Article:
"They know what Bloom used to be. The banners from Bloom and Bloom Trail are hanging there. Another factor is how well the basketball team did last year (28-5, fourth place in Class 4A). They have to understand what drove those kids to succeed. For me, the biggest thing is being a part of it."
Bloom overcame adversity from the outset. The quarterback, a two-year starter, transferred to Lincoln-Way West three days before the start of double sessions in August. "We had no idea he was leaving," Palombi said.
Kendall McGinnis, a 6-foot-1, 170-pound junior, stepped in and the Trojans didn't miss a beat. He has passed for more than 700 yards and rushed for 500.
"He was our No. 2 quarterback all summer," Palombi said. "But the team came around him. He directs everything. He sits in the shotgun and has the ball in his hands all the time. He makes great decisions. I'm surprised he took charge so quickly. He even worked out as a tight end in the summer. He has so much maturity. We knew he was capable. He has the tools."
Brantley, a 5-foot-11, 175-pound junior, has rushed for 1,000 yards and scored 12 touchdowns. He rushed for 270 yards against Fenton and 387 yards and five touchdowns against Rich South.
"He was on the sophomore team last year. We knew he was a good runner but we didn't know he had the capability to rush for almost 400 yards in a single game," Palombi said. "We knew he was a good athlete. He has speed and vision and ability to make a cut."
Brantley has come on like gangbusters. He didn't establish himself as the No. 1 running back until Week 3. Up to then, he was sharing the spot with a returning starter. When Palombi had to move the senior to linebacker because of an injury, Brantley stepped up.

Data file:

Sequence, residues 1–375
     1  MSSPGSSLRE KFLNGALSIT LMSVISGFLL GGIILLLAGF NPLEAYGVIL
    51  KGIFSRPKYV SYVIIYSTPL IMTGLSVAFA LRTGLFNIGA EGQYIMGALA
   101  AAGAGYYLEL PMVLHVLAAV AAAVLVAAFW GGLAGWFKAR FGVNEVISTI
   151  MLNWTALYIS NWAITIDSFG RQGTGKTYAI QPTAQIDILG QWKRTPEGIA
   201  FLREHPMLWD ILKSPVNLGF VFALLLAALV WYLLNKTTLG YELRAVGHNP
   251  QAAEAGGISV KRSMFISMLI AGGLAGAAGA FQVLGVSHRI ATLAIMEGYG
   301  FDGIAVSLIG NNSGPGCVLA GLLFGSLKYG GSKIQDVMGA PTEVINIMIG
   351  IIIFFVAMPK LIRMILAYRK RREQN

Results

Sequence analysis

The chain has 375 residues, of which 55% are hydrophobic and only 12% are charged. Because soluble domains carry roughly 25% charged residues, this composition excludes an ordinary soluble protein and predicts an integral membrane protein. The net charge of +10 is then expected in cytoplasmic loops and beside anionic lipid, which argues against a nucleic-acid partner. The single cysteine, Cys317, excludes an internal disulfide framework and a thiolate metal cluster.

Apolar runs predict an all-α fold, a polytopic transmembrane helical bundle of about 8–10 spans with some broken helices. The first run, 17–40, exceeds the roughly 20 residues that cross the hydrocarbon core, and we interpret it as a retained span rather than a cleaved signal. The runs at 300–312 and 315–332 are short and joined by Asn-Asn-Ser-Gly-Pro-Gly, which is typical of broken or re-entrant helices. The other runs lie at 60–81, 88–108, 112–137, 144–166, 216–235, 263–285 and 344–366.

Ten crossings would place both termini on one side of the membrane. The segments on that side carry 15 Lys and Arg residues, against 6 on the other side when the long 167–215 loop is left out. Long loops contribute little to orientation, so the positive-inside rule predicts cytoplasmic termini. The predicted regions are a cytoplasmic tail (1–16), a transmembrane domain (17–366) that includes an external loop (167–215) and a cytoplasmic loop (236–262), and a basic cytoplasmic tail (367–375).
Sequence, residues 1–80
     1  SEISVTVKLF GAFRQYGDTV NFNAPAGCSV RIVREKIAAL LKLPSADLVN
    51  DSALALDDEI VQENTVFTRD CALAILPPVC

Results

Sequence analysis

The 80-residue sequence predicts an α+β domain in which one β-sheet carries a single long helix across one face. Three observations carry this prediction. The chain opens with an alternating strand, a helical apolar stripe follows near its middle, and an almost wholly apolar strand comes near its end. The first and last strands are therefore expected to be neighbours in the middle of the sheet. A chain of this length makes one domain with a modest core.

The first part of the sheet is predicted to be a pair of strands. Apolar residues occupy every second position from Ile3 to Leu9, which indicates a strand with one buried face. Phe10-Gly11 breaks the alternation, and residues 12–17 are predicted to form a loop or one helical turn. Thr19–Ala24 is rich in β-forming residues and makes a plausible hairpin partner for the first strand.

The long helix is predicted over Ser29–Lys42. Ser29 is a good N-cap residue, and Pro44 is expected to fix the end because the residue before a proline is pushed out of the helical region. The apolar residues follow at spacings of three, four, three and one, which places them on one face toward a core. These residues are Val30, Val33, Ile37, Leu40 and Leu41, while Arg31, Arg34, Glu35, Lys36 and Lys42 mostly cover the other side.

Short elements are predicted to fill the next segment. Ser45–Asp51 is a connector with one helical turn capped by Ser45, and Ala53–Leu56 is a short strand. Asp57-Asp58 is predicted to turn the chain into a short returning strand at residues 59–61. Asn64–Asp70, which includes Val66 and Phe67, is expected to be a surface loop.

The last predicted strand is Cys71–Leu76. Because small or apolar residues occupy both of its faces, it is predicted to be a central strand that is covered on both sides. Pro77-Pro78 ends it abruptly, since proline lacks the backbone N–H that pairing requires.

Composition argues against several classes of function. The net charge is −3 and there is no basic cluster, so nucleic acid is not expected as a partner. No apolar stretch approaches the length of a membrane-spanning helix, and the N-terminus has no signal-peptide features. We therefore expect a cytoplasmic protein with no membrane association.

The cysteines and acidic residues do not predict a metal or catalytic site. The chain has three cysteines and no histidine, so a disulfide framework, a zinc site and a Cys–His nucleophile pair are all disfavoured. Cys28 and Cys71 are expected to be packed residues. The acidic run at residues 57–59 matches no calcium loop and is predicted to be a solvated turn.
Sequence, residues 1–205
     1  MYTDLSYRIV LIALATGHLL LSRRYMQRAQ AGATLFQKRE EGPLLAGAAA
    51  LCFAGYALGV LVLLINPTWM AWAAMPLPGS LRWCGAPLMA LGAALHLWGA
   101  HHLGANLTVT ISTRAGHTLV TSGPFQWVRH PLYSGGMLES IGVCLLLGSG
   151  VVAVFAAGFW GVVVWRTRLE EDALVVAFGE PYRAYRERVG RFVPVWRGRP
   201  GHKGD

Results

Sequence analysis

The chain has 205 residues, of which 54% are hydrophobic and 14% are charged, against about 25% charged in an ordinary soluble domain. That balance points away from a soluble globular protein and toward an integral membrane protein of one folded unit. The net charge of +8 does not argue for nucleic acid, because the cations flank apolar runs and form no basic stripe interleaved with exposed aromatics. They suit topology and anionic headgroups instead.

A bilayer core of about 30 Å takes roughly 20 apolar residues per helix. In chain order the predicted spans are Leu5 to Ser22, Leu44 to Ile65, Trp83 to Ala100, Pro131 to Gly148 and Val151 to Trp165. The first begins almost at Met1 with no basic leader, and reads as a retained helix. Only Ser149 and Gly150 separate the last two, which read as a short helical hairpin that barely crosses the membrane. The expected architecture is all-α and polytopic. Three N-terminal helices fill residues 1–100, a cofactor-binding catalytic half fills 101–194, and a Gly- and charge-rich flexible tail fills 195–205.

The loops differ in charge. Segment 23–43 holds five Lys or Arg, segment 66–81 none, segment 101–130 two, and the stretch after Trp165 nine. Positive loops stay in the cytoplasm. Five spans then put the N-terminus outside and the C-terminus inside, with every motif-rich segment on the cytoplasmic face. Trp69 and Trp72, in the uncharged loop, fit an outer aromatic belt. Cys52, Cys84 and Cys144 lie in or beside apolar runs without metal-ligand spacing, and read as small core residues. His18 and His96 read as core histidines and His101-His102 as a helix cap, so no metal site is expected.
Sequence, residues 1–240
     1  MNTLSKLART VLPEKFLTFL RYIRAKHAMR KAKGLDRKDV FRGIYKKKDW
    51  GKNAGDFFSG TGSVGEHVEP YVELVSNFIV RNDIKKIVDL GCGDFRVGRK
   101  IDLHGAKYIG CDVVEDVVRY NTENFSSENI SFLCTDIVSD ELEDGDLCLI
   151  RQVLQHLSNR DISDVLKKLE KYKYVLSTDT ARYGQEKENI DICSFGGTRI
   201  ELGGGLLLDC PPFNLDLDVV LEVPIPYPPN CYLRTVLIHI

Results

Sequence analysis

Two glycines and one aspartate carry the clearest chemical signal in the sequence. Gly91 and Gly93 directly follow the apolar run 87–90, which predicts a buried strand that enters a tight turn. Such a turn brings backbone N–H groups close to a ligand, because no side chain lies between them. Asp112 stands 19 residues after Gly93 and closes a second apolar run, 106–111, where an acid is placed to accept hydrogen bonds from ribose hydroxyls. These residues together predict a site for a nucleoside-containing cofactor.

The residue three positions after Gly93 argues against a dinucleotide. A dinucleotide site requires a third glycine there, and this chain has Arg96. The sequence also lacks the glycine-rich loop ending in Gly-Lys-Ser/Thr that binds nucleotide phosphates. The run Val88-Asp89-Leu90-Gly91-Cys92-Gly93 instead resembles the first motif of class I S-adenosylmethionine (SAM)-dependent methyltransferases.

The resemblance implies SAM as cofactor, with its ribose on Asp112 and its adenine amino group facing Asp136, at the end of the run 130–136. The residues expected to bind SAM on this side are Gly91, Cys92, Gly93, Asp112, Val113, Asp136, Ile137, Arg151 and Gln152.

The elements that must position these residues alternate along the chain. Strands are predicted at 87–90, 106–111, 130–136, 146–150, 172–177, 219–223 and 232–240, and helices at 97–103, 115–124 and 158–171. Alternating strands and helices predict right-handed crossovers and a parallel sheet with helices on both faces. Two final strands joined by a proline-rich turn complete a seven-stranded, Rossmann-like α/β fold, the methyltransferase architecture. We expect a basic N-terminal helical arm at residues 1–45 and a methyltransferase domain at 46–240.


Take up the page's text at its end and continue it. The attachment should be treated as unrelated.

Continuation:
Other contributors are 6-foot-2, 185-pound senior defensive back Josiah Dailey, 6-foot-2, 215-pound senior middle linebacker Malcolm Hurt, 6-foot, 228-pound senior center Brandon Rockett, 6-foot, 260-pound senior guard Collis McCloud, 5-foot-10, 230-pound senior guard Alan Hall, 6-foot, 220-pound senior tackleend Jalen Thomas, 5-foot-10, 230-pound tackle Antwan Bluster and 5-foot-9, 230-pound linebacker Mr. Clark.
"Going to practice is a joy," Palombi said. "It is extra special when you make adjustments and they know what you are talking about."
DeLoach, a 5-foot-8, 155-pound senior, is aware of Bloom's history. A sprinter, long jumper and pole vaulter on the track and field team, he is aware of the school's four state championships in the 1950s. And he sees the banner for the 1957 football team hanging in McCann Gym and the team picture displayed outside the gym. "It was the greatest team in Bloom history," he said.
Most of all, he recalls where the program has been and why it has gone from 1-8, 1-8 and 2-7 to 6-3 in the last four years.
"When I was a freshman, they were 1-8 and some kids said they didn't want to play for Bloom. Even students said: 'Why don't you play somewhere else where you can be a winner?' It didn't matter to me. If you keep working hard and work in the off-season, you will do something great," DeLoach said.
"We ignored all the negative talk. We bought into what the coach said. Our motto is: faith, fight, finish, family. We looked at other schools and saw how they came together. In the past, our teams weren't together. But we are together this year."
There were times last summer, however, when DeLoach and his teammates wondered if it was all worthwhile. Palombi put them through countless hours of running, running and more running, long distance runs and sprints.
"It was one of the hottest summers I can think of," DeLoach said. "We were out there every day...800 meters, five times, over 100 degrees. We pushed ourselves to keep going. We had to keep going and not give up. It was very painful at the time, very tiring. It was hard work but it was worth it."